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Labor unions in the gilded age

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1 Labor unions in the gilded age

2 overview What’s a union? Why unions? The rise of unions Major unions
Major events Women in the labor movement

3 What’s a union?

4 What’s a union? Groups of workers in the same industry
Elect leaders to negotiate with employers Engage in collective bargaining over wages, benefits, and working conditions Sometimes launch strikes to enhance bargaining power

5 strikes Strike: when a group of workers refuses to work in the hopes of getting better pay, benefits, or working conditions

6 Why unions?: Working conditions in the industrial era

7 industrialization More people start working for wages
Work becomes much more unpleasant for many Low-wage, low-skill jobs makes workers easier to replace  less bargaining power

8 Working conditions Long hours Low pay Most family members had to work
Extremely difficult manual labor, often with no rest Dangerous work : 35,000 deaths/year in factory/mine accidents 500, million more injuries Panic of 1873 leads employers to lay off workers and cut wages

9 retaliation Strikebreakers (“scabs”): workers hired by companies to replace striking workers Immigrants African Americans Intimidation/firing Sabotage/infiltration Pinkerton guards Pinkerton National Detective Agency: founded 1850 in Chicago Private security and law enforcement firm Frequently hired by factory owners to intimidate union activists and protect strikebreakers Reputation for violence

10 The railroad strikes of 1877
Many small, local, trade-specific unions and guilds July 1877: railroad unions organize strikes to protest wage cuts Violent confrontations between strikers and police  huge impact on rail travel and shipping Worst violence in Pittsburgh July 21: State troops fire on demonstrators, killing 10 Mob sets railway property on fire, burning 2,000 train cars Troops shoot their way out, killing 20 more Rutherford Hayes sends federal soldiers Strikes collapse thanks to imbalance of force, weak economy (more strikebreakers), and lack of central leadership Spurs workers to organize across trades

11 Union membership,

12 The rise of unions

13 The knights of labor Founded 1869 Terence V. Powderly
Included skilled + unskilled, women, immigrants, black workers Ultimate goal: workers’ cooperatives Generally opposed to strikes, but engaged in some militant action

14 The haymarket affair May 1, 1886: general strike for an 8-hour day led by all unions in Chicago 3 days of peaceful demonstrations; police shoot and kill two union members while breaking up a fight on May 3 May 4: rally to protest police violence in Haymarket Square Police approach to break up the orderly rally Someone in the crowd throws a bomb 7 killed, 67 injured Mass arrests of anarchists and union activists Result: public becomes suspicious of labor unions; destroys the Knights of Labor

15 The American federation of labor
Founded 1886 Samuel Gompers Generally moderate Concrete goals: wages, hours, collective bargaining Generally excluded unskilled workers, immigrants, women, and African Americans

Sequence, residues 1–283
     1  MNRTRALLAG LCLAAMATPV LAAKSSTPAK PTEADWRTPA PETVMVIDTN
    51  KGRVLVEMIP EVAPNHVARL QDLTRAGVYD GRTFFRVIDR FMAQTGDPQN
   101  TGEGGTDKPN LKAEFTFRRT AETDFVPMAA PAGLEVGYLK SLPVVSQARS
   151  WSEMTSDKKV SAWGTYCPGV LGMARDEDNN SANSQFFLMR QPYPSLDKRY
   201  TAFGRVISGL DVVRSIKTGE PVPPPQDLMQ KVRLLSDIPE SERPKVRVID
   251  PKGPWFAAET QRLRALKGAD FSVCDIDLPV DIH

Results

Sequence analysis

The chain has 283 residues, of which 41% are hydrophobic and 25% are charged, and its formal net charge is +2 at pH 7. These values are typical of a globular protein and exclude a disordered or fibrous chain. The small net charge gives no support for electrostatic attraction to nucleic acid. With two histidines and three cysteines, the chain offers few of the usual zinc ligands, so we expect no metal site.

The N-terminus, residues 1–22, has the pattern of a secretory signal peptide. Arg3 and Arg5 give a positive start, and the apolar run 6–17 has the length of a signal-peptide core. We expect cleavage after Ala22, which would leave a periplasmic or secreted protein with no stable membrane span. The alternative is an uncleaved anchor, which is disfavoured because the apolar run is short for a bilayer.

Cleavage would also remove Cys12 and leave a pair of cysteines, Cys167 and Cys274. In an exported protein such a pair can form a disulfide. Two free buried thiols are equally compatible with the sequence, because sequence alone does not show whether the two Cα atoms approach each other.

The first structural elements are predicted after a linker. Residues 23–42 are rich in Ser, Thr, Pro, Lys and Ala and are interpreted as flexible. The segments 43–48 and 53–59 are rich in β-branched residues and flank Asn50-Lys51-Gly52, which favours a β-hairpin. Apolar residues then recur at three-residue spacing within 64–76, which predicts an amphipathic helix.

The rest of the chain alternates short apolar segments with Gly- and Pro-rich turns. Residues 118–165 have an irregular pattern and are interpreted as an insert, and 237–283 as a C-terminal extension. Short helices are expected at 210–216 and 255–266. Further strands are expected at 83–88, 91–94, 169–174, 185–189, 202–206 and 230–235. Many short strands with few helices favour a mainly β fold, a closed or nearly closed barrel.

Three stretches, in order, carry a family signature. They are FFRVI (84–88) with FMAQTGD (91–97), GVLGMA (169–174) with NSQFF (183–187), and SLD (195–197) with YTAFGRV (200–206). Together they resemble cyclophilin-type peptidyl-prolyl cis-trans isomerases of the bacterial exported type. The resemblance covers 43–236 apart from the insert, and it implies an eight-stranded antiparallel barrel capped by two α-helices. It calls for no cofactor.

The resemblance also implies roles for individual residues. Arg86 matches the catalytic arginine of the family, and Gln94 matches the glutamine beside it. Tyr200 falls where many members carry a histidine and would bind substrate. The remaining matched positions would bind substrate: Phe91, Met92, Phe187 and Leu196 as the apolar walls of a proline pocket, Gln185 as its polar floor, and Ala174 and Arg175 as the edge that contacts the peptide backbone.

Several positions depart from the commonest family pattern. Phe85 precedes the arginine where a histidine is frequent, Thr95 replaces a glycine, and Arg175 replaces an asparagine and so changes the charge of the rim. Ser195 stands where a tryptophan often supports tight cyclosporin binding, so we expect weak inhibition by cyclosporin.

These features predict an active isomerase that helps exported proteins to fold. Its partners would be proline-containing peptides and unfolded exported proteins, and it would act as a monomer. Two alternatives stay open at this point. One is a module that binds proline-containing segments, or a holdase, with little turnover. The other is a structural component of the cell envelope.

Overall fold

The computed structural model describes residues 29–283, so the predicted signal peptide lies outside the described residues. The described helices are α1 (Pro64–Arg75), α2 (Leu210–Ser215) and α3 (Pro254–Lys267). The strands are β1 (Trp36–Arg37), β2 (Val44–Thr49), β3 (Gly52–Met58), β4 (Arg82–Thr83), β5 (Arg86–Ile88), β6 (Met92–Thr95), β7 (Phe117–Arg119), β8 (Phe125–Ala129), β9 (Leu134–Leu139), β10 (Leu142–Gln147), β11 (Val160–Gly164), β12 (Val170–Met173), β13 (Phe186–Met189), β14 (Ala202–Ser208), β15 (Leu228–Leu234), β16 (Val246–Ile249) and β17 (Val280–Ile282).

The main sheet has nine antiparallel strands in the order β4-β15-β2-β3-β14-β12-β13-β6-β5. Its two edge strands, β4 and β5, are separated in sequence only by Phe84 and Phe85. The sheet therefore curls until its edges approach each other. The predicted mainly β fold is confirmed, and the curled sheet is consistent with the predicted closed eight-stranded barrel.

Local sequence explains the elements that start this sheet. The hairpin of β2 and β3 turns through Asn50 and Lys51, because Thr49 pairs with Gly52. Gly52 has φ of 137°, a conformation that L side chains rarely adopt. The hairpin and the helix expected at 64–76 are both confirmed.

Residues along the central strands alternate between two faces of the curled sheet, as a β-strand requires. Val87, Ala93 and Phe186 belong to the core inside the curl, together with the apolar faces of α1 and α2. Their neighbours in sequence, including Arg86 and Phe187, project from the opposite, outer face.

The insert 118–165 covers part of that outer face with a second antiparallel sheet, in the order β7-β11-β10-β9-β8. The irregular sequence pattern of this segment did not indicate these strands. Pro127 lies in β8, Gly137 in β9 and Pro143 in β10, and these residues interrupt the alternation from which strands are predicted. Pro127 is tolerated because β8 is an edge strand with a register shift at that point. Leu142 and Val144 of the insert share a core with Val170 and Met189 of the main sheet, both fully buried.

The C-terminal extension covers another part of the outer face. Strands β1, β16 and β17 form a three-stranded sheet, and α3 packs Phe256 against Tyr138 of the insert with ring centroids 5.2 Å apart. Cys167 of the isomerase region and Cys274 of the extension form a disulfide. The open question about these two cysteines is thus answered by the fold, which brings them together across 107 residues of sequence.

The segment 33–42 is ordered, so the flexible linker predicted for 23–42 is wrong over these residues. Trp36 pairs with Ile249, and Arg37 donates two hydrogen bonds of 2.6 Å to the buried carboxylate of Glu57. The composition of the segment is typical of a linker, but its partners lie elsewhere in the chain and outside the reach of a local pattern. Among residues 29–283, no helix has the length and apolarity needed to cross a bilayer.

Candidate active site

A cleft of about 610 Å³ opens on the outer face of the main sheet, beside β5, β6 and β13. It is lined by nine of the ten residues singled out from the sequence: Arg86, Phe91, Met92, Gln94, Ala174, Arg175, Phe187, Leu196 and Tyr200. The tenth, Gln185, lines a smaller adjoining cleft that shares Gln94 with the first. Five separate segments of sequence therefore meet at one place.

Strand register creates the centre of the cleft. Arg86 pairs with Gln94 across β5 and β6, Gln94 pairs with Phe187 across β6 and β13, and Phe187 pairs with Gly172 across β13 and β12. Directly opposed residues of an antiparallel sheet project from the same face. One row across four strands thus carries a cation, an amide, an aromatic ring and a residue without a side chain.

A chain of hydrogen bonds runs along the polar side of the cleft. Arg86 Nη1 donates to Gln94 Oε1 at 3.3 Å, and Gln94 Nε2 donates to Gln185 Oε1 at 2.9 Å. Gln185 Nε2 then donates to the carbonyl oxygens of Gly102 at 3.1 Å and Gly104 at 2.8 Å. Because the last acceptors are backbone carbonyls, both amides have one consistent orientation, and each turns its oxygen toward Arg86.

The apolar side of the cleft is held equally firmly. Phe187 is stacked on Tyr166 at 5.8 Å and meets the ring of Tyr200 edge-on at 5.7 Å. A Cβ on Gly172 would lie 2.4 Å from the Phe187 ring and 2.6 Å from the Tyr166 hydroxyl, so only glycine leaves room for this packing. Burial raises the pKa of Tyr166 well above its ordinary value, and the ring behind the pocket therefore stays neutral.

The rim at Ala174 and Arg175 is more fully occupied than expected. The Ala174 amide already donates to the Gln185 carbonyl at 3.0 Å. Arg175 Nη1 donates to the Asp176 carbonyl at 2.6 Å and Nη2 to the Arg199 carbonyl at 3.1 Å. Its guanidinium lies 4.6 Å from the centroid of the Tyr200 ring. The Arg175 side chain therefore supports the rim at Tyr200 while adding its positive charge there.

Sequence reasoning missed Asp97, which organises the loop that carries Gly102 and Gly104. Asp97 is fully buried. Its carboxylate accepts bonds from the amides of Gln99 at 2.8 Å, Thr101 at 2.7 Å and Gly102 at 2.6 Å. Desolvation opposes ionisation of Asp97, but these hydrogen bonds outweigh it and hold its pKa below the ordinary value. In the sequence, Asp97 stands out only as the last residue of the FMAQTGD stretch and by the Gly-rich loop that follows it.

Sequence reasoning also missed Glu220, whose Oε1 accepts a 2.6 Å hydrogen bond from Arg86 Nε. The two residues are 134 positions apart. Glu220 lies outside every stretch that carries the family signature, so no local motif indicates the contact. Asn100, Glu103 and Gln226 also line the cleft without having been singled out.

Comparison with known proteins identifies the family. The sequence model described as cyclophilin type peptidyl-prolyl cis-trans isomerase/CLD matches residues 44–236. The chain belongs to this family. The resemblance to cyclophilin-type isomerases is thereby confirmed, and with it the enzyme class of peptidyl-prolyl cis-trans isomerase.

16 The homestead strike June 1892: Amalgamated Association of Iron and Steelworkers (AA) negotiating with Carnegie steel plant in Homestead, PA Henry Frick closes plant and hires Pinkertons to protect strikebreakers July 5: Firefight between workers and Pinkertons State militia called in to break the strike and protect new, non-union employees July 23: Anarchist attempts to assassinate Frick Impact: setback for AFL; loss for strikers

17 The pullman strike: causes
Pullman, Chicago: a “company town” for workers building Pullman railway cars 1894: Pullman lays off workers and cuts pay, but does not lower rents Eugene V. Debs travels to Pullman and recruits factory workers to the American Railway Union (ARU) The ARU calls for a boycott of all trains carrying Pullman cars

18 The pullman strike: boycott
June 26, 1894: ARU members begin refusing to work on trains carrying Pullman cars 125,000 workers walked off the job within the next four days Huge disruption to transportation, shipping, and the economy in much of the country Rail traffic shut down in 27 states Railroads hire strikebreakers (“scabs”), including black workers Violence by some union supporters angers the public and increases calls for federal intervention

19 The pullman strike: intervention
President Cleveland directs the government to shut down the strike Federal troops protect strikebreakers and force an end to the boycott 30 strikers killed, 57 wounded $800 million in property damage By August 2, ARU ends the boycott; most strikers abandon the union and return to work

20 international workers of the world
Founded 1905 by radical Colorado miners Known as IWW or “the Wobblies” “One big union”: all laborers, regardless of race or trade Ultimate goal: socialism Often supported violence and sabotage Collapsed during WWI and Red Scare

21 Women in the labor movement
Most unions excluded women from membership; nearly all excluded them from leadership A few exceptions: International Ladies Garment Workers Union; Lawrence textile mills 1919: IBEW Telephone Operator’s Department strikes, shutting down phone service in five states Women’s Trade Union League (WTUL) – founded 1903; link between women’s and labor movements

22 Mary harris “Mother” jones
Lived approx Traveled the country organizing coal miners and other laborers Unconventional tactics Included black and white workers Used women and children in her protests Didn’t wear a bow tie, but…

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